According to Latzer, data often used to support the idea that police are acting with a racial bias comes from a New York Times report on a study published in the medical journal Lancet, which shows the federal government’s database of lethal confrontations with police. The database proves that the police “woefully undercounts fatalities,” but Latzer says “this is not new news.”
“It has long been known that the federal database misses many cases,” Latzer details. “What is different here is the study’s claim that there are more black homicides missed than white,” and that the undercounting is due to a failure of the police to acknowledge their role in Black deaths.
Latzer writes that even with the Lancet data uncovered, the results are “not as racially skewed as claimed,” writing that the data they used compared to the federal government’s National Violent Death Reporting System (NVDRS) covering a shorter period of time found roughly the same percentage of white individuals killed by police, yet a higher proportion of Black individuals killed.
This additional data, Latzer writes, shows that “whites are significantly more likely to be killed by police than blacks.”
Moreover, the New York Times and the Lancet study emphasis a measurement they found, writing that “Black Americans were 3.5 times as likely to be killed by the police as white Americans were.”
Latzer writes that this may be valid, but that it doesn’t demonstrate systemic racism — adding that the Black suspect police were chasing is more likely to be a murder or assault suspect (69 percent), using a weapon (71 percent), on drugs or alcohol (27 percent), according to NVDRS data from 2017 for a 34-state sample.
See Also: Record 69 Percent See Racial Bias in Justice System
Furthermore, Latzer analyzes what he deems as a key question — not how many people per race or ethnic group were killed by police — but rather, “what percentage of each population group is likely to be involved in the circumstances leading to such a death.”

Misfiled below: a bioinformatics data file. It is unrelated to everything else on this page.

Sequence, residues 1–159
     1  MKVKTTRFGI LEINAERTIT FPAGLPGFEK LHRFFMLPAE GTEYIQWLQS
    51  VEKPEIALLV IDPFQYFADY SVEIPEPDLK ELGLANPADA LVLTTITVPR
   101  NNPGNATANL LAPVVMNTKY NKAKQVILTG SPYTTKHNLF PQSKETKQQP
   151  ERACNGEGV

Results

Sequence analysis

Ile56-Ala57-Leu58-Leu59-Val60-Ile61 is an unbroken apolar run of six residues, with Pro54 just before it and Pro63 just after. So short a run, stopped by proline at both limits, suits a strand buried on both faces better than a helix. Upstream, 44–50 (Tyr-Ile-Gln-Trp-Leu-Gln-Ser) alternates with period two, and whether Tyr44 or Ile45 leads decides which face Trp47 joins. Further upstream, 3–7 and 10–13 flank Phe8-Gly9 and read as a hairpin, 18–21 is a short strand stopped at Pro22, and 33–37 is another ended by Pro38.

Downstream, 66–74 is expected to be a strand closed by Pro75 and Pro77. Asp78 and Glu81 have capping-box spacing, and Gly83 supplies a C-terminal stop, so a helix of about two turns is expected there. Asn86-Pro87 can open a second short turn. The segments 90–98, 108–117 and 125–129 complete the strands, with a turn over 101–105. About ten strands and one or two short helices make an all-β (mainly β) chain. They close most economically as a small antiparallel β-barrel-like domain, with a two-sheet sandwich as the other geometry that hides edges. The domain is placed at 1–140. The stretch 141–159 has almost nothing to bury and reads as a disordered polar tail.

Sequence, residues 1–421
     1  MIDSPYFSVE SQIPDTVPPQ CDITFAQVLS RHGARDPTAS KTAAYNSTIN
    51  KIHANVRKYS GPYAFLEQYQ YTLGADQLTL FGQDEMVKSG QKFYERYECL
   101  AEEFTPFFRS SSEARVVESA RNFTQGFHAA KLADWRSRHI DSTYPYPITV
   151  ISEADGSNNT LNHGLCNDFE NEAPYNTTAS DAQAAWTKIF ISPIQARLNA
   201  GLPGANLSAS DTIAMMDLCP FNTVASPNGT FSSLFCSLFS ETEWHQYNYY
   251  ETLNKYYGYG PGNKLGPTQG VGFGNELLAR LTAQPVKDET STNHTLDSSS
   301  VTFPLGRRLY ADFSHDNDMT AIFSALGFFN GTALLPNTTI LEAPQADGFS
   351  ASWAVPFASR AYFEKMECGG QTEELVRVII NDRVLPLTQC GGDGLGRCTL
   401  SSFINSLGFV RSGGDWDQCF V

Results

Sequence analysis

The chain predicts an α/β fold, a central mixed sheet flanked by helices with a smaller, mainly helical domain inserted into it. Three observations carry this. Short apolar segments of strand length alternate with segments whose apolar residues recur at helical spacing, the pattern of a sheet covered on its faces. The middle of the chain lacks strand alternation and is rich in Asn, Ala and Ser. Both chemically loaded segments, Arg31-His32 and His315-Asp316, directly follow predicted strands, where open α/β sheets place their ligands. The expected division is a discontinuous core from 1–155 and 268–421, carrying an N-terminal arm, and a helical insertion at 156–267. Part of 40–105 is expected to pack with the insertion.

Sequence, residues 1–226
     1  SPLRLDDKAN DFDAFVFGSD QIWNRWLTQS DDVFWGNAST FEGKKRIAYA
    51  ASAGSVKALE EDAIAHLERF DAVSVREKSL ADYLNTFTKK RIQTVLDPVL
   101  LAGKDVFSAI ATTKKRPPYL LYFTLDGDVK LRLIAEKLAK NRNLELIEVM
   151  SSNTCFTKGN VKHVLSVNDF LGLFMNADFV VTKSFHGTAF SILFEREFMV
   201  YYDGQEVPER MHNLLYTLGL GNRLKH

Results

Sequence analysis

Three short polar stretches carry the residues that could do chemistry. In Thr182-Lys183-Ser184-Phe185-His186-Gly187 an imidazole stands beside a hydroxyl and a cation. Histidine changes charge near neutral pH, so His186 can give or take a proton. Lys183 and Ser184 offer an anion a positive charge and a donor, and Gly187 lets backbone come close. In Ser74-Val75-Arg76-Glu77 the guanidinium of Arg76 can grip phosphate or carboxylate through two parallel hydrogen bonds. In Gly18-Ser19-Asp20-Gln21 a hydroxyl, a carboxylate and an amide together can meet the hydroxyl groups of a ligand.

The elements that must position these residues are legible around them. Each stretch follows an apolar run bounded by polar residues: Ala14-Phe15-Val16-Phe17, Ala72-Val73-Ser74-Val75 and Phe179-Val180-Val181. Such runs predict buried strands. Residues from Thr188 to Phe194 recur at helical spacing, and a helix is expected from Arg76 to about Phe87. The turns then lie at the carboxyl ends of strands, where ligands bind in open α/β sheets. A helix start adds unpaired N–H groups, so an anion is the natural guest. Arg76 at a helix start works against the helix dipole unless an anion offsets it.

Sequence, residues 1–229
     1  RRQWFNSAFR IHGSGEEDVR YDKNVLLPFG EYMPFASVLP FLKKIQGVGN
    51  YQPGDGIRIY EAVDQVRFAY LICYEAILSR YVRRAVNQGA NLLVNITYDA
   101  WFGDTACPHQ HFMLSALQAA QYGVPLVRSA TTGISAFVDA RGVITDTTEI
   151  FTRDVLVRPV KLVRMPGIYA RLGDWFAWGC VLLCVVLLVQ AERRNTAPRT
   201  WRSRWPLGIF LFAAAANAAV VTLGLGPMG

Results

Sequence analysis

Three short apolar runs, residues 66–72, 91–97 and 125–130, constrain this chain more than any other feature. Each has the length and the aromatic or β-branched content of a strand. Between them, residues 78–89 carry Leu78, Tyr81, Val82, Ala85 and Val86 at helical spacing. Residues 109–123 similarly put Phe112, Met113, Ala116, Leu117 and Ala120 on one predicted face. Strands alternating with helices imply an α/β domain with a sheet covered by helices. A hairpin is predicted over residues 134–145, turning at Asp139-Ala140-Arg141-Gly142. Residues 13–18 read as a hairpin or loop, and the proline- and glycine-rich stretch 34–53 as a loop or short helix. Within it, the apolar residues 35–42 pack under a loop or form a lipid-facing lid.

For this, Latzer analyzes FBI crime report data for 2019, showing arrest statistics and a racial/ethnic breakdown of people arrested for violent crimes. This, he says, is nearly identical to the Lancet data on those who died in confrontations with law enforcement.
Latzer’s analysis shows that 49 percent of individuals killed by police were white, compared to 50 percent of arrests for violent crimes were white. Similarly, 31 percent of individuals killed by police were Black, and 31 percent of arrests for violent crime were Black. Lastly, 17 percent of individuals killed by police were Hispanic, compared to 19 percent of arrests for violent crime were also Hispanic.
This shows that it marks more sense that the racial/ethnic identities of those killed would bear a “remarkable similarity to the identities of those involved in violent crime,” Latzer notes.
“No doubt we need a fuller accounting, as the official tallies are clearly incomplete,” Latzer concludes. “But before we accept racial bias as an explanation, we need to take account of the link between the behavior of the people killed and the police use of lethal force.”
Barry Latzer is professor emeritus at New York’s John Jay College of Criminal Justice and author of The Roots of Violent Crime in America. His forthcoming book is titled The Myth of Overpunishment.
Additional Reading: Study: Police Killings Undercounted by Half